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Faculty Q&A: Stephanie Bolton, Librarian
Posted 02/12/2020 06:33PM

Stephanie earned her Master of Library & Information Science with a focus on youth librarianship from UCLA and has since worked as assistant librarian at Pacific Oaks College and as an apprentice librarian at Windward School. Before pursuing her passion for library science, she held diverse positions working in a veterinary clinic, photography studio, and as a costuming intern at Walt Disney World.

 

What do you do as a librarian?

I think of my job is having two big realms: recreational reading and research. For recreational reading, I hold a book club for the students, a book club for the employees, and I also do DEAR ("Drop Everything And Read") with the fourth graders where they come into the library every other day and have time to sit and read and find books. I help them read and suggest books, and make sure the collection has a variety of new books and classics that fit the cultural and identity needs of all the students.

The research part is teaching the students research and information literacy skills, as well as doing research for the teachers. I also want to teach the community about other resources like public libraries.

 

What's your favorite part about being a librarian?

Talking to the kids about books! I love it when kids get excited about a book and they come running in to tell me about it. I love recommending books and sharing the joy of reading with the kids and with my colleagues.

Research that looks at instilling a love of reading and motivation for reading says that the two big factors are choice and community. When children have a choice in what they read, it significantly increases their motivation to read. We don’t often talk about the social aspects of reading, but it can be so much fun and it can be empowering to talk about your favorite books and to recommend books to each other. I'm really trying to give them space to do that. I also try to make sure that the kids see the library as a place that has a lot of books that they want to read, so they have choices, and they know they will find something that they love.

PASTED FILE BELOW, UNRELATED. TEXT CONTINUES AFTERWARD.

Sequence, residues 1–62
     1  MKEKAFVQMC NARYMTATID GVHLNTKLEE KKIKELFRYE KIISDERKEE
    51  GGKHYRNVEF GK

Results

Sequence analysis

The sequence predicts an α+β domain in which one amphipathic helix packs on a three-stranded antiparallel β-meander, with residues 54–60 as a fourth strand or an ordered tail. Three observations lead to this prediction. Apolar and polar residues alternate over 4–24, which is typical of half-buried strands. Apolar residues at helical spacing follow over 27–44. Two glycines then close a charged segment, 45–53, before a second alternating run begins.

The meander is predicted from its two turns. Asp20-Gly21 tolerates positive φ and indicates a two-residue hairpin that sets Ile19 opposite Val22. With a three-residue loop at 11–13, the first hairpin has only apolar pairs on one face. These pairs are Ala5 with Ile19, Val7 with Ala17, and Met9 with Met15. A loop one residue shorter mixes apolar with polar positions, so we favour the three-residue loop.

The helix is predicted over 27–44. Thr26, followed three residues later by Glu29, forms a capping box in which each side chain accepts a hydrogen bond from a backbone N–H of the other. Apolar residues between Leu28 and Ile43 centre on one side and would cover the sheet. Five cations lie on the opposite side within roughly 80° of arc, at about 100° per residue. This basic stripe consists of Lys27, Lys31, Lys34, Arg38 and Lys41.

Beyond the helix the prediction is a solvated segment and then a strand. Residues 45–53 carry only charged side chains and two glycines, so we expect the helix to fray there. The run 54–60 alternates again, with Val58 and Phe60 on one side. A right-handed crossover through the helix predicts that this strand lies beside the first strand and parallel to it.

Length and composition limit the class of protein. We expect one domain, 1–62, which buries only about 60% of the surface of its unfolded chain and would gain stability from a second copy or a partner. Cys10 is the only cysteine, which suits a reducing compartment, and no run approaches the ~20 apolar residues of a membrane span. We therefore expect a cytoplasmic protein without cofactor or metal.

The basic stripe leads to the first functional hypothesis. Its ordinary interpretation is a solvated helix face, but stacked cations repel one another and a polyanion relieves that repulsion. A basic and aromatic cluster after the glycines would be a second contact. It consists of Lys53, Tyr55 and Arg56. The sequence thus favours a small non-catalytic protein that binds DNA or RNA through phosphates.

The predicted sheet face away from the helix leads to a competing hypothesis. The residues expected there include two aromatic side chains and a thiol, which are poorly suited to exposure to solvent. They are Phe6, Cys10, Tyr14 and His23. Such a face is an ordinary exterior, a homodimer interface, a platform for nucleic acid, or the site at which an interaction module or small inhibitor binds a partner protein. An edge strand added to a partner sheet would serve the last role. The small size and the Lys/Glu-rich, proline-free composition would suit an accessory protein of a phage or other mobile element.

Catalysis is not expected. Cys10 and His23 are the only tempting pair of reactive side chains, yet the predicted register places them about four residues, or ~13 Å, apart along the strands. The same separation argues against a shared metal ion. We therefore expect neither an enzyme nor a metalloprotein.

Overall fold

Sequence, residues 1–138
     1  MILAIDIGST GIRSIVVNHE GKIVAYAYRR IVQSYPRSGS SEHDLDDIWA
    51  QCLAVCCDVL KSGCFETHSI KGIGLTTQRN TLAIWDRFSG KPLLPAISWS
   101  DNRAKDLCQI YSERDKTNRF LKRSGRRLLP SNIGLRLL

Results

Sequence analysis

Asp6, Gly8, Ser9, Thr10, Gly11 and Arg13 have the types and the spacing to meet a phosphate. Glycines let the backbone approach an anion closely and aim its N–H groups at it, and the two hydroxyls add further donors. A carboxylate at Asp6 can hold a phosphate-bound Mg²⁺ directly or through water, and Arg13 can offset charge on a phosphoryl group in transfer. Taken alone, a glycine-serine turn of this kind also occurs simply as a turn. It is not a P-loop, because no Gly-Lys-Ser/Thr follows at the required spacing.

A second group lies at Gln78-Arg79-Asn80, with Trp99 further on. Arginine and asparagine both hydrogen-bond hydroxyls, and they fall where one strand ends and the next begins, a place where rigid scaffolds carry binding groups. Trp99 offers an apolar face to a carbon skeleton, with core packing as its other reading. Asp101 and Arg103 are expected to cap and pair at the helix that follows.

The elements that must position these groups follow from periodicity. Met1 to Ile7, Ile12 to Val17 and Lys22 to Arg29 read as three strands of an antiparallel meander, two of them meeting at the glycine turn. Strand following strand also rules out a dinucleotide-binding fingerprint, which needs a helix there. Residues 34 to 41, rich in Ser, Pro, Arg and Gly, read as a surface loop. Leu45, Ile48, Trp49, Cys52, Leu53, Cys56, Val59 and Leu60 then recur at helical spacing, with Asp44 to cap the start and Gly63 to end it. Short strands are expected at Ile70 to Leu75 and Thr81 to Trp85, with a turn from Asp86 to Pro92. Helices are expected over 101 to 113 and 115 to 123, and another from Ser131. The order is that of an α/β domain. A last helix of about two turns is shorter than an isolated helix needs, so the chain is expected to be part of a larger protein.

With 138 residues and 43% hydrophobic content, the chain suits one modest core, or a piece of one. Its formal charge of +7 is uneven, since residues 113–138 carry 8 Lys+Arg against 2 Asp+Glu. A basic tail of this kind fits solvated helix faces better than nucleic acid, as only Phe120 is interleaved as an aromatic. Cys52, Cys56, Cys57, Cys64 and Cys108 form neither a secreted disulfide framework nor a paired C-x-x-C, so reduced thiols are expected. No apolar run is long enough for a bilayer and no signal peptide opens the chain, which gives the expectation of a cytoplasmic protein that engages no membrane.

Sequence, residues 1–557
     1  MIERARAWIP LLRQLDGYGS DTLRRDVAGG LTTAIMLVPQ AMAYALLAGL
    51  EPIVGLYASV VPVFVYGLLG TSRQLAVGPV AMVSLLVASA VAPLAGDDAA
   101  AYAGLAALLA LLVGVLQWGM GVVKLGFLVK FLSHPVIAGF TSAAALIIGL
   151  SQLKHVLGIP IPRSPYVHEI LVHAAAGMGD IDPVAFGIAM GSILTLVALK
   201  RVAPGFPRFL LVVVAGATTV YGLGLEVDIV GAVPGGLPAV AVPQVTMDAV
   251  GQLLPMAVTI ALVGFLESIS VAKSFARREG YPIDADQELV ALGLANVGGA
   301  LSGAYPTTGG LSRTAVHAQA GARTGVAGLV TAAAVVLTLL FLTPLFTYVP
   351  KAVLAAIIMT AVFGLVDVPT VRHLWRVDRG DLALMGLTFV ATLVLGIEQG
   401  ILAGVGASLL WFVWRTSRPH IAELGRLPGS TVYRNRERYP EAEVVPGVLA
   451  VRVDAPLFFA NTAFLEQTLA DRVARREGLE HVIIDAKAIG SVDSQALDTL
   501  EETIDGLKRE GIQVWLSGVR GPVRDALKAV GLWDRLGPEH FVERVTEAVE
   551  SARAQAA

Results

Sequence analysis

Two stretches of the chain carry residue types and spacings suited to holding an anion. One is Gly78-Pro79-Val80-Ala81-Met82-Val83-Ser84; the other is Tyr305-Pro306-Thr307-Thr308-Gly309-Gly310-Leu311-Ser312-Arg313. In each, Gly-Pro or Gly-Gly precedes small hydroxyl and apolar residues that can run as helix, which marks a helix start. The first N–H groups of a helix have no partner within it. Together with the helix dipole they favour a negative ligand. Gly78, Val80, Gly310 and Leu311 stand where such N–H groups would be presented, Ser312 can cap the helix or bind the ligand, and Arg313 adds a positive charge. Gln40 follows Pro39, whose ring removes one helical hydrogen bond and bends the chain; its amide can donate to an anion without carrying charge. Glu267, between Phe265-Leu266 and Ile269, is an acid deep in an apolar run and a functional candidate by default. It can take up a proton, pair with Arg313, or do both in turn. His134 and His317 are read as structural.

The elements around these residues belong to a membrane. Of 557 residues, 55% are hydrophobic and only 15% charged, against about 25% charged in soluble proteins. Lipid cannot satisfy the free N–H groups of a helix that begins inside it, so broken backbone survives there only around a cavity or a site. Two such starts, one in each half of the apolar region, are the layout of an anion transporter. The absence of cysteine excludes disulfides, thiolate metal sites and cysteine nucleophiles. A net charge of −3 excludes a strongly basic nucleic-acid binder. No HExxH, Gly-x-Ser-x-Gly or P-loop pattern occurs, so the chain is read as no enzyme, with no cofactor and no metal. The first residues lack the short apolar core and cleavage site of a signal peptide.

What is your first impression of being at an all girls school?

It's been great! I wasn't sure really what to expect because I had never been in all girls education before, but I think there is a real spirit of connection and helping people here. It's a very supportive community.

 

What is your favorite book?

I don’t have a good answer to this! It really depends on what kind of book is going to speak to me right now. I will say that in the past couple of years my favorite series has probably been the Temeraire series by Naomi Novik, which is a historical fantasy that is basically the Napoleonic wars, but with dragons.

 

What is your favorite genre?

Probably fantasy. It's definitely the one I reach for the most. I also like realistic fiction and sci-fi, but I’m not big into romance or mystery thrillers…

 

How do you choose recommendations for people with very different tastes?